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Joints That Make Those Popping or Cracking Sounds
The noises may be irritating, but they're typically normal, orthopedic doctors say

By Robert Preidt

FRIDAY, Jan. 27, 2017 (HealthDay News) -- If you've ever heard a loud pop as you bent down to pick something up, you'll be relieved to know that it's normal for your joints to make popping and cracking noises.

These sounds can be caused by a number of things, including when soft tissues -- such as tendons and ligaments -- rub or snap over other tissues and bones, explained Dr. Aman Dhawan. He is an orthopedic sports medicine specialist at Penn State Health's Milton Hershey Medical Center.

"Our joints are mobile, so there are a lot of things that slide over or run past each other. When they move, there is the potential for anatomy to intersect," he said in a Penn State news release.

The sounds can also be caused by pockets of nitrogen gas within the fluid that helps lubricate joints and provides nutrition to cartilage, Dhawan added.

According to Dr. Robert Gallo, another orthopedic sports medicine specialist at Hershey Medical Center, the only time you need to be concerned about noisy joints is if you also have swelling or pain.

There's no link between joint sounds and arthritis, both doctors agreed. And cracking your joints does not make them swell up or become arthritic, they added.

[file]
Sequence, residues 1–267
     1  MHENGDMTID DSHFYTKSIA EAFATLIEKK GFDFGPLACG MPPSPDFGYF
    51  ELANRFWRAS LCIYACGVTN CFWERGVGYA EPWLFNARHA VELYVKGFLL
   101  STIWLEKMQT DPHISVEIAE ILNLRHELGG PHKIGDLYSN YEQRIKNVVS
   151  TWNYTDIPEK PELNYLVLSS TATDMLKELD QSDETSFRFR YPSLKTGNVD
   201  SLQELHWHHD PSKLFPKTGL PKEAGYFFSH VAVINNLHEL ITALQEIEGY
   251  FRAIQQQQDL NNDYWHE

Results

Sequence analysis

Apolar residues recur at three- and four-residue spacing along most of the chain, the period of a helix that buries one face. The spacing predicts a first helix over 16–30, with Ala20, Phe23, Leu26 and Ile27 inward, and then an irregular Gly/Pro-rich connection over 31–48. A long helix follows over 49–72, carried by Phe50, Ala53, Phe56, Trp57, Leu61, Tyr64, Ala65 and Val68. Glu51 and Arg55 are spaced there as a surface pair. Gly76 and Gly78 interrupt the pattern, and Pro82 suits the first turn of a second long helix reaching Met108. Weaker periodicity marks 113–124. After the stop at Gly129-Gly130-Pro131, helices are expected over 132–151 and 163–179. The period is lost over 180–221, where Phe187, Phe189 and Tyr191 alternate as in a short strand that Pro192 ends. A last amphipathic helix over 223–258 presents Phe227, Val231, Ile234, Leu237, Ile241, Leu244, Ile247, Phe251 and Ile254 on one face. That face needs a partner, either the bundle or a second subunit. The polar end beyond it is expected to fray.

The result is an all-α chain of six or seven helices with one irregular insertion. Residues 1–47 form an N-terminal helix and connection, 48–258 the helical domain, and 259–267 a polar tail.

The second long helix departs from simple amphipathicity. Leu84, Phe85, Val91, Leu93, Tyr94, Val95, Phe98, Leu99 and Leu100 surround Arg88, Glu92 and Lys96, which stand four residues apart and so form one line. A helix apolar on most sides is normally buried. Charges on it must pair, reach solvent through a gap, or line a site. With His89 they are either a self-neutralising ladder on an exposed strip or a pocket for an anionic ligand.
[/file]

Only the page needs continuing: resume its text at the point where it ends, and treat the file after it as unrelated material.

"Joint sounds are not really an indicator of health or lack of health," Dhawan said. He pointed out that the cracking or popping sounds "may be irritating to the listener, but that's a separate issue. There is really no evidence that it causes any damage."

Some people believe chondroitin and glucosamine supplements or injections help lubricate joints. But there is little evidence to prove they are effective, Gallo said.

Your joints can benefit from stretching and strengthening exercises, low-impact workouts (such as swimming and bicycling), maintaining a healthy weight and not smoking, the doctors advised.

"There is good data to support getting rid of excess weight because it does improve pain in the joints of the lower extremities, as well as decreases your risk of getting arthritis or of having it progress," Dhawan said. "The joints carry the weight of our bodies, so the less stress you put on them, the longer they will stay healthy."

More information

The U.S. National Institute of Arthritis and Musculoskeletal and Skin Diseases has more on joint health.

SOURCE: Penn State Health, news release, Jan. 18, 2017

Copyright © 2017 HealthDay. All rights reserved. URL:http://consumer.healthday.com/Article.asp?AID=718894

Resources from HONselect: HONselect is the HON's medical search engine. It retrieves scientific articles, images, conferences and web sites on the selected subject.
Joints
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The list of medical terms above are retrieved automatically from the article.

Disclaimer: The text presented on this page is not a substitute for professional medical advice. It is for your information only and may not represent your true individual medical situation. Do not hesitate to consult your healthcare provider if you have any questions or concerns. Do not use this information to diagnose or treat a health problem or disease without consulting a qualified healthcare professional.
Be advised that HealthDay articles are derived from various sources and may not reflect your own country regulations. The Health On the Net Foundation does not endorse opinions, products, or services that may appear in HealthDay articles.


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